Truth was, she really didn’t know if the marriage was really bad or not.  She only had his side of things, and one thing was apparent – Steve was never leaving his wife.  Michelle knew it though he never uttered the words.

An inkling nudged Michelle to pick the Bible up again. When she did, it immediately opened and her eyes fell on 1 Thessalonians 4:3:

“God’s will is for you to be holy, so stay away from all sexual sin.”

Michelle threw the Bible down on the bed in front of her like it was hot. When she was brave enough to pick it up again, her focus went to 1 Thessalonians 4:6:

“Never harm or cheat a fellow believer in this matter by violating his wife.”

Michelle felt convicted. It had to end.

***

Over the next couple of days, Michelle sought to get back on track spiritually.  She delved into reading the Bible and searched for a church home. These were good starts, but there was still something more that had to be done. One night Michelle dropped to the floor, kneeling to pray:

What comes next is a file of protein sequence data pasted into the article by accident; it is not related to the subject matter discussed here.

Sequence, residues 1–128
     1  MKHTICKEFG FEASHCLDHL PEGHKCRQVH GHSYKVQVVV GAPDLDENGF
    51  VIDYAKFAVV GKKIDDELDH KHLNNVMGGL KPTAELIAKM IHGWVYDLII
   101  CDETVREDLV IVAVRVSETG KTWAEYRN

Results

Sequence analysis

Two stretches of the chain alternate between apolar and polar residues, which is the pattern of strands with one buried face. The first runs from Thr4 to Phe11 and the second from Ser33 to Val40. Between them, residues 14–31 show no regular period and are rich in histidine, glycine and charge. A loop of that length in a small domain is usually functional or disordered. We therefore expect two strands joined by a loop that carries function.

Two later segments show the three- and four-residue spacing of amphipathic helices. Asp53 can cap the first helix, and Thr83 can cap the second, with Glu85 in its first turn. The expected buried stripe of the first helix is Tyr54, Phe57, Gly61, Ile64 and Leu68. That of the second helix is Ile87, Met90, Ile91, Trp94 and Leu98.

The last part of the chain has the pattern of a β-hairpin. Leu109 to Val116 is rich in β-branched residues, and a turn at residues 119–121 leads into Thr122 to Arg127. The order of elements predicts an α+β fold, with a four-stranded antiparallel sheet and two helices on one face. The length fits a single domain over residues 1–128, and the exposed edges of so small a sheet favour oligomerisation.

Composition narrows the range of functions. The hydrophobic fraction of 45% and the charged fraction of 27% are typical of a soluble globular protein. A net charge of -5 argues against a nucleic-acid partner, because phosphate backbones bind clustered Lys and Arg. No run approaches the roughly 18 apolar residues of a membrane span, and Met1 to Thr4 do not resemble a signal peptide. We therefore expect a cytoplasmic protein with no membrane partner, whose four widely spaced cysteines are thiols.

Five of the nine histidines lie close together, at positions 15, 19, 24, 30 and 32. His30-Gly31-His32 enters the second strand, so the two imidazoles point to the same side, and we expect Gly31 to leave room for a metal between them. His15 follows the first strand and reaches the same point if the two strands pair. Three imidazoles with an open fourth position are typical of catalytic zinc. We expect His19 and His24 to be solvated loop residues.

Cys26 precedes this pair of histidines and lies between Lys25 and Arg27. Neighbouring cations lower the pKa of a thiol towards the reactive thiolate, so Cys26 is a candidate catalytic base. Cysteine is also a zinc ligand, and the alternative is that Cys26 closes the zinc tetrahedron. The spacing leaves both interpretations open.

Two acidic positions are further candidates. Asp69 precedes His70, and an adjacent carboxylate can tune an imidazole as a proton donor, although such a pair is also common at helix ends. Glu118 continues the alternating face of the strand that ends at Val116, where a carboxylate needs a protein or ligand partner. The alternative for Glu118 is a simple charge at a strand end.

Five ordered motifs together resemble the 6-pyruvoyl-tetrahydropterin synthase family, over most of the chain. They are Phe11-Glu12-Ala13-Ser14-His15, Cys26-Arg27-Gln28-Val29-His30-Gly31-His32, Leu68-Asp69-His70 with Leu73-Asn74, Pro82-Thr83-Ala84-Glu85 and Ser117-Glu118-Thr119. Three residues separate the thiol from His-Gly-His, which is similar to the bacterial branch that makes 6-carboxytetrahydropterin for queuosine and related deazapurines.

“Heavenly Father, thank you for opening the window to my soul. I see where I am wrong. Please forgive me for committing adultery and allowing myself to fall astray. Help me to get back on the right path, and forsake the temptations that may come. In Jesus name, Amen.”

Before Michelle could completely rise, her phone rang. It was Steve. This was her test.

She silenced the phone. He called again. Michelle sent the call to voicemail.

Finally Steve sent a text. She was tempted to read it, and even listen to the voicemail – just to hear his voice.  But she couldn’t turn back now. He wasn’t worth the turmoil.

Without looking at the text, Michelle responded, “It’s over. I’m choosing God. Please forgive me for whatever damage I’ve caused you and your marriage. Do not contact me again.”

Steve did not follow directions. He tried calling Michelle again. And again she sent him to voicemail. He tried sending several text. All fell on deaf ears…and eyes.

She said a silent prayer asking for strength. Finally, Michelle deleted all remnants of him from her phone and blocked his number.

Michelle sunk in the bed and slept – peacefully.